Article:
'Over the years, the Conservative and New Labour governments have chipped away at the NHS by privatising some of its services, such as physiotherapy and blood-testing'.
Prem Sikka is an Emeritus Professor of Accounting at the University of Essex and the University of Sheffield, a Labour member of the House of Lords, and Contributing Editor at Left Foot Forward.
The National Health Service (NHS) was Britain’s greatest post Second World War social achievement. It was based upon the not-for-profit principle with universal healthcare for all. The Labour government’s 1946 National Health Service Act established the NHS in 1948 even though the Conservatives voted 21 times against it.
Over the years, the Conservative and New Labour governments have chipped away at the NHS by privatising some of its services, such as physiotherapy and blood-testing. Many staff had to reapply for their jobs on inferior terms. The 256 page Health and Care Bill, currently going through the House of Lords and already passed by the House of Commons, makes it easier for profit-seeking corporations to secure further NHS and care work.
The Bill comes at a time when due to lack of investment, the NHS is in a dire state. In 2010, when the Conservatives came to office, the waiting list for hospitals in England was around 2.5 million. By the end of 2019 the waiting list grew to nearly 4.5 million and is now nearly 6 million. There is a shortage of nearly 84,000 full time equivalent staff, including 37,000 nurses. Face-to-face appointments with family doctors are becoming rare and the Bill does not guarantee access to a family doctor.
The Bill does not address the resourcing issues. It does not establish new training facilities to address chronic staff shortages. It does not address inequalities in the quality of health and social care services.
Under the Bill, 42 Integrated Care Systems (ICSs) and Integrated Care Board (ICBs) would run the NHS and care services in defined geographical areas. Despite its weasel-words, the Bill does not forbid the appointment of private healthcare providers on the new Boards and shape the NHS and care commissioning decisions.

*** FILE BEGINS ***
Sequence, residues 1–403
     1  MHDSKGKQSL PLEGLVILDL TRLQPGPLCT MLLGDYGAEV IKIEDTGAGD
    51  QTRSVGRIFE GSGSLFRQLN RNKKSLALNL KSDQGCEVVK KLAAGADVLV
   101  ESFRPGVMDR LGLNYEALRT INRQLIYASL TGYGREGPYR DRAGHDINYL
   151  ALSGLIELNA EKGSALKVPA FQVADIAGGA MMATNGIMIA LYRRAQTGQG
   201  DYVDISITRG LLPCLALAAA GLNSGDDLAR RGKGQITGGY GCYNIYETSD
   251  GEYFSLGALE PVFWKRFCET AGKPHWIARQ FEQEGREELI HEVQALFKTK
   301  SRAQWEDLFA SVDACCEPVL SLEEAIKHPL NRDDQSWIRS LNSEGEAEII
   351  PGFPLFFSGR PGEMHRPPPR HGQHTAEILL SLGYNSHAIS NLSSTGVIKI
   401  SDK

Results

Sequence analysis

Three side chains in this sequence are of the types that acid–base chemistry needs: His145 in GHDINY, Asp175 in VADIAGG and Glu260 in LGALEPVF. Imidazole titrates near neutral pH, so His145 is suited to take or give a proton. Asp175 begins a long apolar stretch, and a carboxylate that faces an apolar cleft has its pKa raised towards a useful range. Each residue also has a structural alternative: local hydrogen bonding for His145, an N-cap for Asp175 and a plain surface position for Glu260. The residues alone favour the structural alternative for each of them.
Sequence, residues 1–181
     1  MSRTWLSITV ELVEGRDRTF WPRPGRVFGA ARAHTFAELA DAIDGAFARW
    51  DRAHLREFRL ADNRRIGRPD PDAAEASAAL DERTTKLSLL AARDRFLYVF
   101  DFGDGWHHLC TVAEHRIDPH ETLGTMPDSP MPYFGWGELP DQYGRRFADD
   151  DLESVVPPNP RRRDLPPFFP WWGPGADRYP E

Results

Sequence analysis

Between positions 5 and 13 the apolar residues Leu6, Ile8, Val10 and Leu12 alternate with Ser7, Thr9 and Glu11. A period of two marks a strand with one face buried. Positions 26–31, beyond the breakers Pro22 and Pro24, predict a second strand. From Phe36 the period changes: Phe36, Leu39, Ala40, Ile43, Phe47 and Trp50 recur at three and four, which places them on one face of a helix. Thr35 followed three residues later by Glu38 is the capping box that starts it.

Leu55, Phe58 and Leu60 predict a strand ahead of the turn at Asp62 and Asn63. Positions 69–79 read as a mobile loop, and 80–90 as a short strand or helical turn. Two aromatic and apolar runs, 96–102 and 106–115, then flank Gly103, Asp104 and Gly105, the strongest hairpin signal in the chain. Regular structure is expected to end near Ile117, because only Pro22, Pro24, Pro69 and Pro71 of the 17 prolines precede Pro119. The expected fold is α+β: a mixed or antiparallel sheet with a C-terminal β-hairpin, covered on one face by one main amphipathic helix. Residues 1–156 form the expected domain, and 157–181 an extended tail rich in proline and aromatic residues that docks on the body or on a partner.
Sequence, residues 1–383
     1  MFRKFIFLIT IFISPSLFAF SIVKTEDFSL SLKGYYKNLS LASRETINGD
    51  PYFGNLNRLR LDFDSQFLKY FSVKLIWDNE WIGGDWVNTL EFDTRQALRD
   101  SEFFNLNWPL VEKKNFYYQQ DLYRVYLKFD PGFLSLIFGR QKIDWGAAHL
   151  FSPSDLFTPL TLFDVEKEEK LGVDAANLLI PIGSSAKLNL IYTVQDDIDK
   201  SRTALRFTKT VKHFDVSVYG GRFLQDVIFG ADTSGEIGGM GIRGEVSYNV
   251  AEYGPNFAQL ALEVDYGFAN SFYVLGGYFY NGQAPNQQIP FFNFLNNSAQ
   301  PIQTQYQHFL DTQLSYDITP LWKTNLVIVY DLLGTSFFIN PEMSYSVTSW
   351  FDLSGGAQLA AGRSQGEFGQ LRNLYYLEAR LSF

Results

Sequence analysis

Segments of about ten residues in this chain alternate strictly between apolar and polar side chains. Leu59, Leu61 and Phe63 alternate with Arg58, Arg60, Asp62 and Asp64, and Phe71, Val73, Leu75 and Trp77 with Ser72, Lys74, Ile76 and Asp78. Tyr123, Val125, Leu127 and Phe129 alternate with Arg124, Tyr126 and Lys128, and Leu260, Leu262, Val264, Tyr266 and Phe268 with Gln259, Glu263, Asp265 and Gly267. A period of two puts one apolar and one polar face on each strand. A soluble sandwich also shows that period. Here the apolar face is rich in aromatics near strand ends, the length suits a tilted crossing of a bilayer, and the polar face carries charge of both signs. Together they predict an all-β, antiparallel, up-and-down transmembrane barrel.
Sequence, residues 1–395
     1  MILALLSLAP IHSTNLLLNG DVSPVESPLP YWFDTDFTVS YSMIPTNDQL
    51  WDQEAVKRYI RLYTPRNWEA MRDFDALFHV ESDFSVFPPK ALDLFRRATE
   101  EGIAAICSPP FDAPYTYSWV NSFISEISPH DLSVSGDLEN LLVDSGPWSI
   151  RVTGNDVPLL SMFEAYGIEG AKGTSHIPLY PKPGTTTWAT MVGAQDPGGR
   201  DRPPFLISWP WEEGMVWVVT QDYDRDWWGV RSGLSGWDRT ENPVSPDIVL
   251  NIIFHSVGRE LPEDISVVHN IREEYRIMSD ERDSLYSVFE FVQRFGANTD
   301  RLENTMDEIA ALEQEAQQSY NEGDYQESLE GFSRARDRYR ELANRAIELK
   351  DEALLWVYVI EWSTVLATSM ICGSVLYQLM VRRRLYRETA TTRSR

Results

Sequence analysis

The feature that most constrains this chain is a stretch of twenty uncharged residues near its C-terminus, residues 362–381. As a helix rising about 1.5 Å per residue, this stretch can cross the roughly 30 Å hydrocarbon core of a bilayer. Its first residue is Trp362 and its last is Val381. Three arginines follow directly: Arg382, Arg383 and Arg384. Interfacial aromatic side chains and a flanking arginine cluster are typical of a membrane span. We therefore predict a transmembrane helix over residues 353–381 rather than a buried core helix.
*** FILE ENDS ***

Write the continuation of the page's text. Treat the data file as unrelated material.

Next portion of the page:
The Bill removes the need for endless competitive tendering for NHS services, but corporate representatives on the Boards will make decisions about procurement. Entire Hospitals can be handed over to corporations. There will be conflict of interests and there is little in the Bill about public accountability. So the likes of Virgin Healthcare, which has paid virtually no corporation tax on its healthcare deals, would have seats on the ICBs. Private equity firms who have long profiteered from care homes and dodged taxes would have a seat on the ICBs. Such interests would facilitate further privatisation.
Previous privatisations have drained the NHS resources. A typical cataract operation is 50%-100% more costly in the private sector than the NHS. Knee and hip replacements can cost two to three times more in the private sector. In 2012 Hinchingbrooke Hospital in Cambridgeshire was privatised on a 10 year contract, but in 2015 was brought back to the NHS as its corporate owners could not make high profits and provide acceptable levels of patient care.
Up to 11% of the NHS budget is already handed to the private sector. Around 25% of the resources vanish in dividends and concocted costs relating to rents, lease payments, management fees, royalties and other charges, often to offshore affiliates. This leaves little for frontline services and waiting lists grow. Undeterred, the Bill facilitates more of the same. In the event of a corporate collapse, local authorities and the NHS would need to take over the services and this inevitably creates moral hazards.
The government claims that the Bill will facilitate integration of the health and care system though there is little detail. Let us look at some practical issues. The clinical services are controlled by the NHS and social care is under the control of local authorities. Access to social care is means-tested and local authorities cannot overspend. Access to clinical services is universal and is not means-tested. Overspends are permitted. So how are these two budgets to be integrated?
The task of integration could be eased by putting social care on the same basis as the NHS, but the Bill does not do that. An integrated budget is a code for a fixed budget. So what will happen when the budget is spent? People will be denied clinical services. Under the strain of pain and worry, many will go private and thus achieve the government’s aim of more privatisation. Integration of dissimilar services creates fuzziness at the boundaries. There is nothing to prevent the boards from reclassifying some services as ‘care’ and thus forcing patients to either pay more or wait.
The Bill hands new powers to the Health Secretary over almost all NHS functions. They will be able to retake decisions already made by NHS leaders and direct them to consider new service changes. Contracts could be awarded to third-parties, hospitals and sub-units could be closed. None of these powers are subject to any parliamentary scrutiny. The response to the coronavirus pandemic is hardly an advert for closer Ministerial involvement in the running the health system. Ministers awarded Covid-related contracts to cronies, without adequate public accountability. The same will become common practice.
The privatisation of healthcare is a bonanza for corporations, but a threat to universal healthcare. People need to fight for their NHS or lose it.
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